NORTH ALABAMA FISHING REPORTS
Overall catches of fish have been excellent recently, which means a lot of high-performance bass boats will be on the water. Water levels on Wheeler Lake have dropped some, so be careful of stumps just below the surface — especially if you're in a bass boat traveling more than 70 mph.
Wheeler Lake: The largemouth bass bite is excellent, as slightly cooler temperatures have ignited long feeding periods. Several patterns are working, but grass and rocks are the two main structure items. Lipless crankbaits have produced fast limits when retrieved rapidly in areas with broken patches of grass.
Anglers are finding smallmouth bass at all hours of the day. Soft plastic baits are catching bronzebacks, but the overall bite is from red/craw-colored crankbaits. Casting around rocky outcrops and bumping baits off the structure has worked well.
A few decent crappie catches are coming from Flint, Limestone and Spring Creeks. Drifting with jigs and live minnows across stump flats is one method anglers are using to catch crappie.
Wilson Lake: Drifting shad in the currents below Wheeler Dam have rods bending from hook-ups with smallmouth bass, hybrid stripe, stripers and drum. When drifting bait, bring plenty of extra terminal tackle, as hanging up in the rocks is common.
Look for largemouth bass to be feeding early in the morning in small sloughs and coves off the main river channel. Look for structure such as logjams or large blowdowns and work the area with Texas-rigged plastic worms.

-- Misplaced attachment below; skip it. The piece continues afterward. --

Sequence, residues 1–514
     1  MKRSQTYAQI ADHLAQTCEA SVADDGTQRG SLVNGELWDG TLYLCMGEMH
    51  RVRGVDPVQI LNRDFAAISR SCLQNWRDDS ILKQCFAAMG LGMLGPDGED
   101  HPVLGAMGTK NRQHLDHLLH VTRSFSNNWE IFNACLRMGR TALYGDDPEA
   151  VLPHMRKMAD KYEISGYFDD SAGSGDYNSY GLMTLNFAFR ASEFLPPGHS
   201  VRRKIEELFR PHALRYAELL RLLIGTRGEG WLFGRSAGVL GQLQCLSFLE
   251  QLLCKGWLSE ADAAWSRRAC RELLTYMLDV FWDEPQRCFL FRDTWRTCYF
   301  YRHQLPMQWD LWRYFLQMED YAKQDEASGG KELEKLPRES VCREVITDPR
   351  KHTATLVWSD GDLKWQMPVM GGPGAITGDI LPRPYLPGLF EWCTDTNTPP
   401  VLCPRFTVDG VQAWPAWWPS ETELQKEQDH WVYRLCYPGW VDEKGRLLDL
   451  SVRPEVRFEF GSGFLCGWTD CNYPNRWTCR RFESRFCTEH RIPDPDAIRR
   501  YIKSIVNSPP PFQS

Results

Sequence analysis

Catfishing is excellent late in the day in the tailrace of Wheeler Dam. Using your boat's sonar unit, watch for areas where the lake bottom makes a sharp change, which in turn can create current breaks. Once you find such an area, mark it with a buoy or landmark and use rooster livers on the bottom.
Pickwick Lake: If you find current, there's a good chance you will find smallmouth bass taking bait.
Crankbaits and spinnerbaits are hooking up regularly in current and riprap.
White bass and hybrid stripe are feeding during early morning and late afternoon hours when current is flowing. If current is flowing around causeway bridges with plenty of rock structure nearby, this is a good place to use chrome-colored, lipless crankbaits.
Lake Guntersville: Anglers are catching largemouth bass in areas where floating grass is extra thick. Anglers are punching the thick grass with large jigs to get to the largemouth bass hiding underneath. When working grass for largemouth bass, extra strong line and rods with plenty of backbone are a good idea.
Crappie catches are on the rise around stump flats that are in water 5 to 15 feet deep. Drifting jigs and live minnows are putting plenty of slabs in the boat.
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